When you paint on paper, it goes wrinkly. There is a proper way to avoid this when painting watercolours: Before painting, you soak your paper in water, which stretches it, and stick it to your board with gummed tape. In the morning, your paper will have shrunk tight and flat, and you can now paint your painting.
The problem is the time the stretched paper takes to dry. You can't finish one painting, go and trace the next and start painting it immediately.
So I have developed a system which seems to work (The management takes no responsibility for damage to paintings or any other unforseen circumstances :-) )
- Trace your picture to your paper. For a large painting with lots of wet washes, you'll need something like 425gsm paper. A smaller or drier one can be done on 300gsm, which is rather easier to trace onto.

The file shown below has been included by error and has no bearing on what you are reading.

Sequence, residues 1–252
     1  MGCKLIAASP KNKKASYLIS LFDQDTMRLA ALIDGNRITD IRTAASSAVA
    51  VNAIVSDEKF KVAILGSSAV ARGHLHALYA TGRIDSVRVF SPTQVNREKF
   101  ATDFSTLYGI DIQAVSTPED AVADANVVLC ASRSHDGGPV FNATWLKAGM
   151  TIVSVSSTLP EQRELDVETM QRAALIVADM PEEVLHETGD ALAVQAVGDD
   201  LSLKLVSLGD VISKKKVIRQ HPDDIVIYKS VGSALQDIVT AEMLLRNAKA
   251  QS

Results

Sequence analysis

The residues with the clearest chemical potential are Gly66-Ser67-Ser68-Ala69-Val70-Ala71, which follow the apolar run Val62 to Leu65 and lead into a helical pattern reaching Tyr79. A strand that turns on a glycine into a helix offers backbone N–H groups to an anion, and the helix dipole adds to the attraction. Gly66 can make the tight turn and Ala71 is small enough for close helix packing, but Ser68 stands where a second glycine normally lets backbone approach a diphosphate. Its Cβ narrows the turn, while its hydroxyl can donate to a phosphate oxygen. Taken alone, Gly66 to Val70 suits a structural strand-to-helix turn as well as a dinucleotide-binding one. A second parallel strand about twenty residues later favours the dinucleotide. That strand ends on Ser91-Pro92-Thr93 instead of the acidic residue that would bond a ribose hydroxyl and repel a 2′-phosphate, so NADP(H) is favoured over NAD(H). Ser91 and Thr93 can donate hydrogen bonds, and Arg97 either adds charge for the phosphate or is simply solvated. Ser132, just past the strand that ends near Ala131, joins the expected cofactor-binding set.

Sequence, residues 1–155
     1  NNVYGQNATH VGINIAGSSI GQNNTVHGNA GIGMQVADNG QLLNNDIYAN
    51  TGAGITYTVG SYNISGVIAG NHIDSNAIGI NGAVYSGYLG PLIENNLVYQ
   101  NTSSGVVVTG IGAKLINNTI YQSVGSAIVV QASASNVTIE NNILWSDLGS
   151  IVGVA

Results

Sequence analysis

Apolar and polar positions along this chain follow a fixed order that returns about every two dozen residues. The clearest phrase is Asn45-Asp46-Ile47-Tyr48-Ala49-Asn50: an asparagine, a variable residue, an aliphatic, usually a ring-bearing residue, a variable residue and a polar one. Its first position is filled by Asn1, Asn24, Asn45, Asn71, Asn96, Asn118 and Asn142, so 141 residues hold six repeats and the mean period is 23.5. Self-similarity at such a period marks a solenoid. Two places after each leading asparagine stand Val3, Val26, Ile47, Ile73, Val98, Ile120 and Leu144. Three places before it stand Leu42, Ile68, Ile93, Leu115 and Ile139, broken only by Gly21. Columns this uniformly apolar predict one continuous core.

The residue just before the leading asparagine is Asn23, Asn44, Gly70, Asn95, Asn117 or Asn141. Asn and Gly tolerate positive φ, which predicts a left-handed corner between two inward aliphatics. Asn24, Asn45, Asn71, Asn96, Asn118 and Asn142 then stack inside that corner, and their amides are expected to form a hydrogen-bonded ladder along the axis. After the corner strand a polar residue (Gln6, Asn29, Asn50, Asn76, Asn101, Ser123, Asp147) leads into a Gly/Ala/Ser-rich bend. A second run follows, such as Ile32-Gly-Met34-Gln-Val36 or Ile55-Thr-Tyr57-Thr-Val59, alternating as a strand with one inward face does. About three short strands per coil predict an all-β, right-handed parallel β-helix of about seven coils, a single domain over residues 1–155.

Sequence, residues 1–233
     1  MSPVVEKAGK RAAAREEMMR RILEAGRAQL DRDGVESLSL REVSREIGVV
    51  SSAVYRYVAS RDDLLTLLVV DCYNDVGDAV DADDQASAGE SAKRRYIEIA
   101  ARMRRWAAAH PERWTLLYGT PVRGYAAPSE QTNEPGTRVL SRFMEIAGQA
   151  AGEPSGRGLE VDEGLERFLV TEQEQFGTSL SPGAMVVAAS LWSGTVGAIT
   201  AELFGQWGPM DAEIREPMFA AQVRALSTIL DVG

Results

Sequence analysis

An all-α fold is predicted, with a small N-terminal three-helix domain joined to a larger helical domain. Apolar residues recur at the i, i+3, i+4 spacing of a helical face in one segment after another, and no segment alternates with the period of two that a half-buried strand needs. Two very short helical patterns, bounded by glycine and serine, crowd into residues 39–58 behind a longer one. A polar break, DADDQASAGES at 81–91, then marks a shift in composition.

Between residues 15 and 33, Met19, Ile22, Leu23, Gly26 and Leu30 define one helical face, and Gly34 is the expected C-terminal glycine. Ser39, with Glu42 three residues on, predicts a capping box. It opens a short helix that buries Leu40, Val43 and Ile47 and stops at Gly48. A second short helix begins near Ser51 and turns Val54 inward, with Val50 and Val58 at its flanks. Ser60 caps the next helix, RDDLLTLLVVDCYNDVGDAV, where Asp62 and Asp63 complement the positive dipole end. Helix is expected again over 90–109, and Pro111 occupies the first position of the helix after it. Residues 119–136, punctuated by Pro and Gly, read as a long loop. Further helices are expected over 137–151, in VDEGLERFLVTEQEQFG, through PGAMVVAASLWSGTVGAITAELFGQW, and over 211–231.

- Stick your paper to the board with masking tape. This will keep it flattish. Enough to paint on.
- Paint your picture.
- Damp the back of the painting with a sponge. Make sure no water gets on the front. And don't over-wet it, esp with thinner paper.
- Place it on one board, and put another board on top. You could pile up several, with paintings in between. Put big heavy books on top and press for a while until flat.
- Tape paintings to board with gummed paper tape and leave to dry.
- Cut off board - one perfectly stretched painting!
You may be able to get away without step 5. In previous projects I didn't use it, but it wasn't working this time. Thanks to my dad for suggesting it, as I was in a slight panic.